We make a submission to ICAC Operation Dasha

For decades depa has seen the flaws created when senior staff are appointed on term contracts.  There was always going to be a risk to senior staff giving advice without fear or favour if they are being heavied by councillors or a GM who wants them to do something else when their contract was up for renewal.

There is no protection at all and that’s the whole point of there being term contracts required by section 338 of the Local Government Act being accompanied by section 340 prohibiting any access to entitlements under any industrial instrument, or more importantly, any protection available from the Industrial Relations Commission on dismissal.

It may not have been the plan, but it has delivered up vulnerable senior employees and potentially compromised their advice.
 
38 weeks’ pay and no obligation to provide a reason for the termination has been embraced by many councils - very happy to get rid of good people and do this apparently unconcerned that it costs their ratepayers and the community 38 weeks’ pay, and often a pretty good rate of pay as well, to sack people who don’t deserve to be sacked.  And GM’s do it too, equally as unrestrained by the unnecessary cost.

We’ve seen the misuse of term contracts since their introduction.  We have always tried to do something about it and Operation Dasha, with allegations by the GM of the former Canterbury that councillors were bullying, or blackmailing him, as he put it, to make a particular appointment to job of Director of Planning, is an opportunity too good to miss.  Maybe the ICAC will see the wisdom of removing the fixed terms and recognising these positions as both requiring and deserving permanent employment.  They must otherwise be struggling to understand how this can all happen.

The Office of Local Government has their own barrister, harrying the current GM of Canterbury-Bankstown about the value of the “termination without reasons clause ... in the event that there was a breakdown in the relationship between the councillors and the general manager”.  Full credit to Matthew Stewart for not succumbing to the pressure and we all know that “breakdown in the relationship” means only that the Council doesn’t like the GM, because the GM, for good reasons, won’t do what they want.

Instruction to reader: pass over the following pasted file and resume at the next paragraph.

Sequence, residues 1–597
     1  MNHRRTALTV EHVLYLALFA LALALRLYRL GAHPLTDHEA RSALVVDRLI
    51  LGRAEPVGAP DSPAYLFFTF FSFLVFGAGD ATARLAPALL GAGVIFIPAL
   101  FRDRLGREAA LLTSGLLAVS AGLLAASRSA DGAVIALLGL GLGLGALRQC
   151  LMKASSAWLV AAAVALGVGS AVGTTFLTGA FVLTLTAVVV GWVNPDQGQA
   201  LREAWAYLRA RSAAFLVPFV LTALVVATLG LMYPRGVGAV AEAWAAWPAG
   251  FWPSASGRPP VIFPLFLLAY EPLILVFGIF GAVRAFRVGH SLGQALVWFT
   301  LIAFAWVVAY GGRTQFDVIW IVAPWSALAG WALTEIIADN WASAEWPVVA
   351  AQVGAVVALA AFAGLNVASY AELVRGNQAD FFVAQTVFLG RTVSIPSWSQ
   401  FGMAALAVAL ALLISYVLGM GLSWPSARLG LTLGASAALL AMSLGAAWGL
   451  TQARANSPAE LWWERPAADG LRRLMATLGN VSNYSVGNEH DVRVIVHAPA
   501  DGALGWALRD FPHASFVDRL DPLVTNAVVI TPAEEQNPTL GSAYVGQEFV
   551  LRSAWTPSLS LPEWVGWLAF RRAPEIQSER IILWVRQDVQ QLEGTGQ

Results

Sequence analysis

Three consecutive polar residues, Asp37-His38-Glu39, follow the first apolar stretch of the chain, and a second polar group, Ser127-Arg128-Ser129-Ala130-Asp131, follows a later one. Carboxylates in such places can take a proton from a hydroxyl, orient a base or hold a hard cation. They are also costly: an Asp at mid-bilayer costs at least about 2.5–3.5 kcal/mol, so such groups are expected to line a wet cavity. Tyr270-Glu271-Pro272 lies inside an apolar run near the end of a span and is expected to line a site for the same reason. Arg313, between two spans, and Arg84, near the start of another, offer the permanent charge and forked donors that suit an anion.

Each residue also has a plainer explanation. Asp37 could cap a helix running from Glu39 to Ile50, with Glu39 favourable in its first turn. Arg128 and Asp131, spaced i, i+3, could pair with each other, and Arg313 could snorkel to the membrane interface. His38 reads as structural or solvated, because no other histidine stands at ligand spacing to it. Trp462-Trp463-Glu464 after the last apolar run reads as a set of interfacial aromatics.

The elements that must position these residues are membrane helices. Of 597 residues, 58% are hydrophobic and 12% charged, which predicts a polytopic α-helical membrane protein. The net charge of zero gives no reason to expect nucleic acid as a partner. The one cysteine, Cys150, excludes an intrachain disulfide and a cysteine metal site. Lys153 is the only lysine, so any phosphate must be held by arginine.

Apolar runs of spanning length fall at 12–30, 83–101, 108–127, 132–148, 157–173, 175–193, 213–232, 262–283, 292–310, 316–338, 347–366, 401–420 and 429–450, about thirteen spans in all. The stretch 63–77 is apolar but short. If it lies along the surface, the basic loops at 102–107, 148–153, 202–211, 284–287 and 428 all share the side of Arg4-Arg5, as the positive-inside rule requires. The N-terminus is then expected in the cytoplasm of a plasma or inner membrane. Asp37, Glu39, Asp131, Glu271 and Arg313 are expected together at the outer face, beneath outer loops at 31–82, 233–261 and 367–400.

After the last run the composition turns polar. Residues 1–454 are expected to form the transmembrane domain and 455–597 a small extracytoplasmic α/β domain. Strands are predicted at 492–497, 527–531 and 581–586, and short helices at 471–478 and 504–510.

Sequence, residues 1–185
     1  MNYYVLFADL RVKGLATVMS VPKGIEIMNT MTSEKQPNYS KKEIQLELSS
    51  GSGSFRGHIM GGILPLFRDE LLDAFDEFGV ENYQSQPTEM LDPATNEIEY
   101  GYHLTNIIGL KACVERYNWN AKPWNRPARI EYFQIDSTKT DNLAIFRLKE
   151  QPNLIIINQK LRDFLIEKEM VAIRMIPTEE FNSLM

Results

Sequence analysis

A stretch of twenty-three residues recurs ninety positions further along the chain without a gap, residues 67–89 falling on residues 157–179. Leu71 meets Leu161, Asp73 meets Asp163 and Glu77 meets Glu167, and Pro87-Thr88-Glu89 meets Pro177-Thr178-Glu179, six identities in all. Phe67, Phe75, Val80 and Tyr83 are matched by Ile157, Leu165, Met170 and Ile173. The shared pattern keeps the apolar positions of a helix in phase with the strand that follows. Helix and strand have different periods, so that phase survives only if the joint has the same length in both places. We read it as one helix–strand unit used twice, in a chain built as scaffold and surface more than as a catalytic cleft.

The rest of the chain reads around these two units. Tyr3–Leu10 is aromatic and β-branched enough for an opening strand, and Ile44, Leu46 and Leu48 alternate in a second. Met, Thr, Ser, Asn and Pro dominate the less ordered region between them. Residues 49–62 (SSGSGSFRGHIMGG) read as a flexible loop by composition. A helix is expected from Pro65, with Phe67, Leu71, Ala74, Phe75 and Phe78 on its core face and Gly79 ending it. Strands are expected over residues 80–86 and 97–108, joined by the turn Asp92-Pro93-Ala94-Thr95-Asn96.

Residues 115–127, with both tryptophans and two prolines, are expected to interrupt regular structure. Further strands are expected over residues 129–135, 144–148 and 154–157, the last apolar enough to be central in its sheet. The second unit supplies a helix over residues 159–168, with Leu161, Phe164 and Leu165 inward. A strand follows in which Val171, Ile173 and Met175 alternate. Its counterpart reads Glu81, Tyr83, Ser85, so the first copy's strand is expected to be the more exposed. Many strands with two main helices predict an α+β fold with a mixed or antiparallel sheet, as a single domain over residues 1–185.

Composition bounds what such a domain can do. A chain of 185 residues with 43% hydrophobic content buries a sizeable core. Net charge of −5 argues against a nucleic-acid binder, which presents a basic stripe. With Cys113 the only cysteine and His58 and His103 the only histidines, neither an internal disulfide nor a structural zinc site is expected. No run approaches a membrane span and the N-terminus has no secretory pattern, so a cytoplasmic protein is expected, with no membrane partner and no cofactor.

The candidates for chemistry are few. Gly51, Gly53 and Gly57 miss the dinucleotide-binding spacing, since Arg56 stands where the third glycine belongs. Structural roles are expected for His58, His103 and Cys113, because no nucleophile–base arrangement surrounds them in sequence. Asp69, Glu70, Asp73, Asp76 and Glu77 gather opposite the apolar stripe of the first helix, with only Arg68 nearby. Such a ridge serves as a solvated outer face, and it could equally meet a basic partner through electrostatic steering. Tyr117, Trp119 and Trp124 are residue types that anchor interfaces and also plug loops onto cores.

It’s also odd that while the State public sector has transitioned almost all of their Senior Executive Service employees to ongoing employment, including those SES employees working at OLG (OMG!) that the OLG continues to defend this anachronistic and dangerous employment arrangement.  There will never be confidence in local government, if employees can be directed on the content of their advice and are afraid to provide advice without fear or favour.

So this is the first problem and the second problem is the overwhelming evidence over the past decade or so in particular, that it was never a good idea for the elected councillors to have anything at all to do with the assessment of a DA – a view now recently shared by the NSW Government, which required Sydney Metropolitan councils to do what Wollongong has been doing, of having DAs dealt with by a Local Planning Panel.  We called for the removal of councillors from DAs in depaNews in July 2017 and the Government responded almost immediately and did so.  It must be the power of the pen.

What we know already about the way business was done at the former Canterbury brings together these two areas of government policy as if they were to storm cells we have been watching on a weather map, gradually getting closer and closer together, then joining with catastrophic results.

The ICAC’s consideration allows us the opportunity to respond to both these areas and we have done so, lodging a submission with the ICAC on 23 May and making some sensible and easily implementable recommendations on both employment protection and planning.  Check it out.

Public hearings for Operation Dasha resume on 13 June.  Let’s see what happens.

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